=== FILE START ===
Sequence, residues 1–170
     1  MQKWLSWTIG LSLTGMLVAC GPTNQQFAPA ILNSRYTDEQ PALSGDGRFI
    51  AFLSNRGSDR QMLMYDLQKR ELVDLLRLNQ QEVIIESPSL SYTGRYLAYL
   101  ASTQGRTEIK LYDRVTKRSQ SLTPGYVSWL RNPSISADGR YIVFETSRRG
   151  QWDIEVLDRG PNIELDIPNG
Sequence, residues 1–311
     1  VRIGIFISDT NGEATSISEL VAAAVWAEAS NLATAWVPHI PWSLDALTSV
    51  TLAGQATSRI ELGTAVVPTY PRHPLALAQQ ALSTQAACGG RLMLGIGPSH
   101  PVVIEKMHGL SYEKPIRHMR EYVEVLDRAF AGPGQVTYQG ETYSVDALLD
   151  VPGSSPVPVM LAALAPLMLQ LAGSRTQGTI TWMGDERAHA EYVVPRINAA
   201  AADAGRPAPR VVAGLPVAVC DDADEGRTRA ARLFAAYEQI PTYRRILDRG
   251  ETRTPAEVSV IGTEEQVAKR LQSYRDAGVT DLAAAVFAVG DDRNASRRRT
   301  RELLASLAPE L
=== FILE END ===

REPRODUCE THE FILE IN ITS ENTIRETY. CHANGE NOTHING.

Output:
Sequence, residues 1–170
     1  MQKWLSWTIG LSLTGMLVAC GPTNQQFAPA ILNSRYTDEQ PALSGDGRFI
    51  AFLSNRGSDR QMLMYDLQKR ELVDLLRLNQ QEVIIESPSL SYTGRYLAYL
   101  ASTQGRTEIK LYDRVTKRSQ SLTPGYVSWL RNPSISADGR YIVFETSRRG
   151  QWDIEVLDRG PNIELDIPNG
Sequence, residues 1–311
     1  VRIGIFISDT NGEATSISEL VAAAVWAEAS NLATAWVPHI PWSLDALTSV
    51  TLAGQATSRI ELGTAVVPTY PRHPLALAQQ ALSTQAACGG RLMLGIGPSH
   101  PVVIEKMHGL SYEKPIRHMR EYVEVLDRAF AGPGQVTYQG ETYSVDALLD
   151  VPGSSPVPVM LAALAPLMLQ LAGSRTQGTI TWMGDERAHA EYVVPRINAA
   201  AADAGRPAPR VVAGLPVAVC DDADEGRTRA ARLFAAYEQI PTYRRILDRG
   251  ETRTPAEVSV IGTEEQVAKR LQSYRDAGVT DLAAAVFAVG DDRNASRRRT
   301  RELLASLAPE L